On a related question, 75% of Republicans who rely most on Trump and his task force for coronavirus news say the outbreak has been made a bigger deal than it really is, compared with 63% of Republicans who don’t rely most on Trump and the task force.
Differences also emerge around whether various actors are getting the facts right during the pandemic. Among Republicans who rely most on Trump for coronavirus news, 70% say he and his administration get the facts right almost all or most of the time. Among other Republicans, far fewer (39%) say the same.
At the same time, those who get their coronavirus news mainly from Trump and the task force give lower marks to the Centers for Disease Control and Prevention (CDC) and public health organizations, with 34% saying these groups get the facts right almost all or most of the time. That compares with a higher share among other Republicans (47%).
Among Republicans who rely most on the president and task force for COVID-19 news, 38% say he is delivering the completely right message on the subject, compared with 13% among other Republicans. In all, 94% of Republicans who rely on the president for coronavirus news say he is delivering either the completely right or mostly right message. That compares with 72% among other Republicans.
One area where it appears that Republicans who rely most on Trump for COVID-19 news have heard his message is how susceptible people under the age of 18 are to becoming infected with the virus – a subject that has often surfaced in debates over reopening schools this fall. The president has at times claimed that the risk to young people is minimal; the CDC says it is “unclear” whether children are as susceptible to infection as adults.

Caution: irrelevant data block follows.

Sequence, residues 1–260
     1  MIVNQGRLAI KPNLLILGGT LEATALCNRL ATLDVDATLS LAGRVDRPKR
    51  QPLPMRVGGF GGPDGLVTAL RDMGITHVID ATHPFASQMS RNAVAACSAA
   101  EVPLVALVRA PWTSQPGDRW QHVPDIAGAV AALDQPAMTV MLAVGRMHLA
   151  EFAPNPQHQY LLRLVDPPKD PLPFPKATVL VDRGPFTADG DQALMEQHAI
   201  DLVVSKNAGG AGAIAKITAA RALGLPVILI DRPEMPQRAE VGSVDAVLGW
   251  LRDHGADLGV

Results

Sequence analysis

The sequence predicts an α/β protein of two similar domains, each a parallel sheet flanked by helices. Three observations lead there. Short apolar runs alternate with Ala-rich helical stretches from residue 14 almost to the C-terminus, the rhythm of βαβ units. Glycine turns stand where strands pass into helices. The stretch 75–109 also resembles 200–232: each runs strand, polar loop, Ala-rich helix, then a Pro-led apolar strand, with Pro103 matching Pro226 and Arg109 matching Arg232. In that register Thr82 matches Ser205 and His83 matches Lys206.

Around six-in-ten Republicans (including leaners) who rely most on Trump and the task force for COVID-19 news (57%) say people under 18 are far less susceptible to becoming infected than adults, while 30% say they are about as susceptible. But Republicans who don’t rely the most on Trump for coronavirus news are much more divided: 39% say young people are far less susceptible than adults, and 41% say they are about as susceptible.
Many of the perspectives of Republicans who rely most on Trump for COVID-19 news align closely with those of Republicans who only use Fox News channel or talk radio as major sources for political news. These two platforms have audiences that are disproportionately Republican and conservative.
For example, 89% of those Republicans who rely most on Trump for coronavirus news say the U.S. has controlled the outbreak as much as it could, and so do 90% of Republicans who only cite Fox News or talk radio as a major source. Similarly, 94% of those Republicans who rely most on Trump for coronavirus news say his messaging on the outbreak has been completely or mostly right, and virtually the same portion of the Republicans who cite Fox News or talk radio as major sources (96%) say the same.
Note: Here are the questions used for this report, along with responses, and the report’s methodology. Visit our interactive data tool to access the questions included in this report, as well as content about the coronavirus outbreak and the 2020 presidential election.